Lawmakers have submitted more than 20 amendments for their colleagues to consider as the Maine House takes its first formal look at the two-year state budget deal Thursday afternoon.
Some are technical changes, but many cover familiar ground and mark final attempts by individual lawmakers to accomplish goals they outlined in unsuccessful legislation earlier this year.
Here are some highlights:
Rep. Lawrence Lockman, R-Amherst, has proposed five amendments, some of which were included in a budget plan he introduced earlier this month with 13 other conservative GOP lawmakers.
They would eliminate state Medicaid coverage for methadone-based treatments for drug addictions, cut $14 million annually from the budget of the state’s Office of Information Technology, and require the state provide services to people with developmental disabilities who are currently on waiting lists. He’s also proposing to eliminate clean elections funding — which has already been reduced in the budget proposal — and impose a 2 percent “economic crisis assessment” on large nonprofit organizations with more than $200,000 in annual receipts and more than $500,000 in assets.
Lockman proposed legislation earlier this year to eliminate MaineCare funding for methadone treatments, and the proposal failed in the Democratically controlled Legislature. The proposal to eliminate the state waiting list for services would cost more than $45 million annually. The wait list issue has been at the forefront of Republican opposition to expanding Medicaid under the federal Affordable Care Act. Rep. Deborah Sanderson, R-Chelsea, tried unsuccessfully Wednesday to add the wait list funding to the Medicaid expansion bill.
An amendment from Rep. Peter Johnson, R-Greenville, would remove $1.5 million from general purpose education aid and use the money to fund an education priority of Gov. Paul LePage’s: creating an Office of School Accountability and Support to target funding toward struggling schools. Appropriations Committee members removed LePage’s funding for that office and used it for general public school funding.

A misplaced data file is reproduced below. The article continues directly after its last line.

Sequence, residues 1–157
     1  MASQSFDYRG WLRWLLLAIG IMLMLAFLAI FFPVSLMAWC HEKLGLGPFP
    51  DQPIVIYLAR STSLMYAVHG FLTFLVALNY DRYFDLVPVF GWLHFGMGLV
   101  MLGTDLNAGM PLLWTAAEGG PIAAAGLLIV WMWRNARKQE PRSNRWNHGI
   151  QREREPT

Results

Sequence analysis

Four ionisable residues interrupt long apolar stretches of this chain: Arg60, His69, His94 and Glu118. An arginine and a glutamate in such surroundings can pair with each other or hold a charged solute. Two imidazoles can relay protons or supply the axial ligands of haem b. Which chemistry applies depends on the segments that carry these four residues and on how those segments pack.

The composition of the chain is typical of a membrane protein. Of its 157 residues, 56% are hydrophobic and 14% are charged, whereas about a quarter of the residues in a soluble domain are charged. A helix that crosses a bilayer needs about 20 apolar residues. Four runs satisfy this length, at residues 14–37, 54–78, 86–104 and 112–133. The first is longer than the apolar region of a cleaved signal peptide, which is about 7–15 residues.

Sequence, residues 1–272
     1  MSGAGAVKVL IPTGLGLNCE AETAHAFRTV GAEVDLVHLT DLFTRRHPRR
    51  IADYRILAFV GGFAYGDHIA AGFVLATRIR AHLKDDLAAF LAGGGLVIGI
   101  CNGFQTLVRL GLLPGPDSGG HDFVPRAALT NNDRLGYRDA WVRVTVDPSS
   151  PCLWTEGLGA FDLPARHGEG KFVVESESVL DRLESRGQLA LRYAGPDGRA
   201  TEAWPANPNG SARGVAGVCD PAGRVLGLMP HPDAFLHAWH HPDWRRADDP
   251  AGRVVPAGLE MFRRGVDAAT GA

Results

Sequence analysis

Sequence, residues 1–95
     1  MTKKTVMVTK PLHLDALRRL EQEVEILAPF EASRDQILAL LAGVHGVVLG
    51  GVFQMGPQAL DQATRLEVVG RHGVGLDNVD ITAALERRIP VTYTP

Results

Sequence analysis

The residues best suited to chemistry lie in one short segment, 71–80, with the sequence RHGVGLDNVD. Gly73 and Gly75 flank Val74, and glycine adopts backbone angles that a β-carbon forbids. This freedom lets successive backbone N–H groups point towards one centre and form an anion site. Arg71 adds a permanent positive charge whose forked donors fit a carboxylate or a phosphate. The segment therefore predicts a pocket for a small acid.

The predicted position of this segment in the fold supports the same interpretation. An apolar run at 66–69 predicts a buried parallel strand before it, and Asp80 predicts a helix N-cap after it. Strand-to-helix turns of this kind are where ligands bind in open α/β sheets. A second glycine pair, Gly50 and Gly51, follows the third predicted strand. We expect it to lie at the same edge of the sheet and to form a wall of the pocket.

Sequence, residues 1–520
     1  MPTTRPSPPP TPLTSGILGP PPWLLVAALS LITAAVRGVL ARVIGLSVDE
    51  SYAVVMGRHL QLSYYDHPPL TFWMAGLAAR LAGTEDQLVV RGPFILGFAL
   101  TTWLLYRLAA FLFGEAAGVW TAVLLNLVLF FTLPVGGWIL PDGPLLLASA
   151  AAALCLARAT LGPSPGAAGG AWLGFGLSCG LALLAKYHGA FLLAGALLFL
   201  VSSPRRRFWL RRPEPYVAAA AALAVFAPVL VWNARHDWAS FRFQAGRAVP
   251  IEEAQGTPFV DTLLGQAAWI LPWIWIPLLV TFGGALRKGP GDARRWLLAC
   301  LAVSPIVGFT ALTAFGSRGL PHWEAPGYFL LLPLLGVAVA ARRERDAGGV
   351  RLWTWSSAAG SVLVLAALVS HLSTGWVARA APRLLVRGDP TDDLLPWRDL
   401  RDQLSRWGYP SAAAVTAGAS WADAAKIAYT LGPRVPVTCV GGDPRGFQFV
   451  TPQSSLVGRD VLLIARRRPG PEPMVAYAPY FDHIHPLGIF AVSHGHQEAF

Assistant House Minority Leader Alex Willette, R-Mapleton, is proposing an amendment that would counteract a portion of a comprehensive energy bill that passed the House and Senate last week with broad support. His amendment would remove the Public Utilities Commission’s authority to levy a “systems benefit charge” on electric ratepayers that funds energy and conservation programs administered by the Efficiency Maine Trust. The energy efficiency portions of the bill rankled a number of Republicans and have been opposed by LePage.
Another Willette amendment proposes to eliminate MaineCare funding for transportation that allows patients to get to their methadone- and Suboxone-based treatments for drug addictions.
Also on the Republican side, Sen. Doug Thomas of Ripley proposes to remove about $75 million from revenue sharing with towns and cities and use it to increase the homestead exemption — which currently exempts the first $10,000 of residents’ property value from taxes — to $25,000 and reimburse municipalities for 100 percent, rather than the current 50 percent, of lost revenue.
On the other side of the aisle, Rep. Henry Beck, D-Waterville, wants to raise the state sales tax to 6 percent — the budget would already push it to 5.5 percent for two years — and use the added revenue to increase revenue sharing payments for towns and cities. While the Appropriations Committee budget deal restores some revenue sharing funds, which LePage proposed to eliminate entirely, towns and cities would still sustain a cut.
Rep. Peter Stuckey, D-Portland, has an amendment that would accomplish the goals of a “tax fairness” bill submitted earlier this session by House Majority Leader Seth Berry of Bowdoinham. The amendment would charge those making $250,000 and paying less than the statewide average effective tax rate an “equalization assessment” to bring their tax rate into line.
Also from the Democratic side, Rep. Andrew McLean of Gorham has an amendment that would raise the state’s $2-a-pack cigarette tax by 3 cents and use the revenue to fund the Maine Seed Capital Tax Credit program for small Maine businesses. Lawmakers previously rejected other attempts to raise tobacco taxes.